•      - In 1997 this corporation alone was worth
    20.2 billion, employed 285,000 people, and
    operated in 38 states.
  • The strategy of this corporation is to buy
    nonprofit hospitals, create quasi-monopolies,
    then hack basic services and increase the price
    of services in order to boost their profits.
  •       - The co-founder of Columbia Healthcare
    Corporation, Richard E. Rainwater, calls their
    strategy the Wal-Mart approach to health care.

More Strategies To Buy Hospitals
  • Avoid low-income areas by locating in states and
    neighborhoods with well-insured populations.
  • Build hospitals without emergency rooms, neonatal
    intensive units, or burn units because these
    facilities often lose money.
  • Special interest in minimizing their care for
    emergency patients because they attract Medicaid
    and charity cases
  • Federal law requires that hospitals care for all
    emergencies, including patients who have no
    insurance. Therefore, hospitals without emergency
    rooms or with insufficient emergency facilities
    can dump tens of thousands of patients a year on
    the doorsteps of public hospitals.
  • Purchase hospitals that are nonunion, allowing
    them to keep salaries and wages fairly low
  • Skimp the quality of supplies, the level of
    cleanliness, and the level of staffing.

Common Divisions between For-profit and
Not-for-profit health care organizations
  • The corporations are owned by investors
  • - The corporations are allowed to distribute
    some portion of the profit to the owners
  • - They pay property, sales, and income taxes
  • -  Sources of finances include
  •             - Equity capital from investors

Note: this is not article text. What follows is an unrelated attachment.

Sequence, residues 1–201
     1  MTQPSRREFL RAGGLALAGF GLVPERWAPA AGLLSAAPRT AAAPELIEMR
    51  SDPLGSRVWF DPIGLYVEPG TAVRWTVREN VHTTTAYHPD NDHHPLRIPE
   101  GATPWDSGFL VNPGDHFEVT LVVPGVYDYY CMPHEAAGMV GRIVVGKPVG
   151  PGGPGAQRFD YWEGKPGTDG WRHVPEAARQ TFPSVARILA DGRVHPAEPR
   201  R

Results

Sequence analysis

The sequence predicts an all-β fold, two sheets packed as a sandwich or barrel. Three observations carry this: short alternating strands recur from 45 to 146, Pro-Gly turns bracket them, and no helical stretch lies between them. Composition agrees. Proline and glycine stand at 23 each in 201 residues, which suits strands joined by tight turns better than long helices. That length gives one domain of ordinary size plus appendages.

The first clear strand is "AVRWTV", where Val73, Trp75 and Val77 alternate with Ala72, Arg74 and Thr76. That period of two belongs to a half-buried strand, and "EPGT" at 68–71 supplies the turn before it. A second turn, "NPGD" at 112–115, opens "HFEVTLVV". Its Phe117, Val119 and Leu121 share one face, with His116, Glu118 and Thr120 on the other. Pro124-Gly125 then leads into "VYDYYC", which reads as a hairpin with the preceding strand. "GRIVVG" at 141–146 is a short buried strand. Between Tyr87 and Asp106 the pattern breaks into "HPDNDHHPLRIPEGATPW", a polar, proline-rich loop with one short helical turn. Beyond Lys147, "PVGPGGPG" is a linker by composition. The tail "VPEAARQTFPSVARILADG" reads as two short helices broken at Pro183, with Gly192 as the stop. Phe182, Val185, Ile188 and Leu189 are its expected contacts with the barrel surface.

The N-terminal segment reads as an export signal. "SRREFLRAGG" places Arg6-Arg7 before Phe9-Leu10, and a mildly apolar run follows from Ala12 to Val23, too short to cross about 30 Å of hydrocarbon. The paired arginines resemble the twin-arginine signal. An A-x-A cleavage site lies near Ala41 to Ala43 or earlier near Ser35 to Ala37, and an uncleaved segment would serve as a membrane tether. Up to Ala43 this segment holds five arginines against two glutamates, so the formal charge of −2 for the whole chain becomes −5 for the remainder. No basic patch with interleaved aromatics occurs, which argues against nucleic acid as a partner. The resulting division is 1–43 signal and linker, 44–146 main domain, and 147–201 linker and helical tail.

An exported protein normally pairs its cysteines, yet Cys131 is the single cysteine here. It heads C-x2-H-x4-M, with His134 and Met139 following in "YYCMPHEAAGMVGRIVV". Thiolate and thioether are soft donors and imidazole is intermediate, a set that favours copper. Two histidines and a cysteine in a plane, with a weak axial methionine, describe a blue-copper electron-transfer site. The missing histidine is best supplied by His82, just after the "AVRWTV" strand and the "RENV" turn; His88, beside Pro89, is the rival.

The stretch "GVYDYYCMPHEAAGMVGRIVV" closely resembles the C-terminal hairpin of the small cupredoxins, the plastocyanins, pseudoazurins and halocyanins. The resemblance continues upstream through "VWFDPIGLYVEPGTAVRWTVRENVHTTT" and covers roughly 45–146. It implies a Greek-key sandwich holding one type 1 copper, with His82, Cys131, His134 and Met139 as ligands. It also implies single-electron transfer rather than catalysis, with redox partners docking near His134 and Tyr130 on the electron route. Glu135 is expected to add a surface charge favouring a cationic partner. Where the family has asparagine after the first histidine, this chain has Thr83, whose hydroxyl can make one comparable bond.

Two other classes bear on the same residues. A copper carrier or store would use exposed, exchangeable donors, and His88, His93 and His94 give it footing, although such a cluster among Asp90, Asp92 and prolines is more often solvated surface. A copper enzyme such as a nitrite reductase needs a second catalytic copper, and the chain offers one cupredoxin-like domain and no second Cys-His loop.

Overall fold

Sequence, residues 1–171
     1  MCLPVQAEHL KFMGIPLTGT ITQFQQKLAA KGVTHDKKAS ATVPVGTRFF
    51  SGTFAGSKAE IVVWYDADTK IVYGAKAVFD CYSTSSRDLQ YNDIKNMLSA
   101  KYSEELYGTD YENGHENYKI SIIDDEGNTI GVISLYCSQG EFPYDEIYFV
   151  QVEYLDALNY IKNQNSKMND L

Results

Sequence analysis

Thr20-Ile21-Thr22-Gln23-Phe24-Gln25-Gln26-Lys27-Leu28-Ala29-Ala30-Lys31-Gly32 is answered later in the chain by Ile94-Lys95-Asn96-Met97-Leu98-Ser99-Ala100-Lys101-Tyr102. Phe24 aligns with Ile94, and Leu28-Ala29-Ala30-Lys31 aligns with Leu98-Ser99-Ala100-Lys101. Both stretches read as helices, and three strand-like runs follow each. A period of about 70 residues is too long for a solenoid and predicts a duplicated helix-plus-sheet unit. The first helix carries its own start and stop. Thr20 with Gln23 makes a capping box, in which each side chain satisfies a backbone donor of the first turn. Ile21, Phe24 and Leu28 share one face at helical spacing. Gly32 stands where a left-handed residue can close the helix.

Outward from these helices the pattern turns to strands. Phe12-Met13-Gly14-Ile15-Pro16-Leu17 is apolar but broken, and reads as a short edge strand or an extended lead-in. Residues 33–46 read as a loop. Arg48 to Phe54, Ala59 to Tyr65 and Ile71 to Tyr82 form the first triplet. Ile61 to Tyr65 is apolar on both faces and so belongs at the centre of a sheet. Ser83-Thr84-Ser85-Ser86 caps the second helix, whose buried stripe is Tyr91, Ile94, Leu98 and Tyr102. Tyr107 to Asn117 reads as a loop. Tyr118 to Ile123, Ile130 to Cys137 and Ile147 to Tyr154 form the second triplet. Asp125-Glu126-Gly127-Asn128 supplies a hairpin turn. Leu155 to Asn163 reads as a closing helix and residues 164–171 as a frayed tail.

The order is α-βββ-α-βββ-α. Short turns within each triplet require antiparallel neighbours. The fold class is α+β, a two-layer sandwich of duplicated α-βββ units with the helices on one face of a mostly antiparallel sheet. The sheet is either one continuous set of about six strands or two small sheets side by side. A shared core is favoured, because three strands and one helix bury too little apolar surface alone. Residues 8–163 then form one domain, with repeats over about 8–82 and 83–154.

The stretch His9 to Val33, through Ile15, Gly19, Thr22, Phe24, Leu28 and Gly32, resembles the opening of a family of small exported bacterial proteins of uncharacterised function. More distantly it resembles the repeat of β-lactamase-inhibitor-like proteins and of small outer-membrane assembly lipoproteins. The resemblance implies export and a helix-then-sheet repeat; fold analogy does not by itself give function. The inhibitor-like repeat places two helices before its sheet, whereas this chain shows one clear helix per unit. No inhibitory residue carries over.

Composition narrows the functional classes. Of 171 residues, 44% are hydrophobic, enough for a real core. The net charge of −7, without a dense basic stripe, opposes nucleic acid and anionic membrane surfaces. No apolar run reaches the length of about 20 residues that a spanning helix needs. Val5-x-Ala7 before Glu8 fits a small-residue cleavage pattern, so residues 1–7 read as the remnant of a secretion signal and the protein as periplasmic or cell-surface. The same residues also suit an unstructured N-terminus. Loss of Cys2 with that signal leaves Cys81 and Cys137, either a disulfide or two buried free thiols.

• -Debt
  • - Retained Earnings (depreciation deferred
  • - Return-on-equity payments from third party
    payers (ex. Medicare)
  • - Management is conclusively liable to
  • Purpose of the organization
  • - Obligated to boost the wealth of shareholders
    within the law
  • - They do this by providing services
  • Mission of the organization
  • - This is commonly stated in terms of growth,
    efficiency, and quality

Not For-Profit
  • The corporations are without owners or are owned
    by members.
  • These corporations cannot distribute surplus to
    the people who control the organizations.
  • They are almost always cleared from paying taxes
  • Sources of finances include
  • - Charitable contributions
  • - Debt
  • - Retained earnings (depreciation)
  • - Government grants
  • Management is liable to voluntary boards which
    are often perpetual.
  • Purpose of the organization
  • - Legal obligation to accomplish a stated
    mission (provide services, research, teaching,
  • - These corporations must continue and maintain
    economic viability in order to achieve this

  • There is a myriad amount of differences between
    the two, and the main difference is the purposes
    of these two corporations. For example, the
    purpose of the For-profit corporations is merely
    to help the rich get richer (to enhance the
    wealth of shareholders) thus, causing the poor
    to get poorer. On the other hand, the purpose of
    the Not-for-profit organizations is simply to
    provide services and research to the people who
    actually need it.
  • One advantage of the Not-for-profit organizations
    is the fact that they are usually cleared from
    paying taxes, whereas the For-profit corporations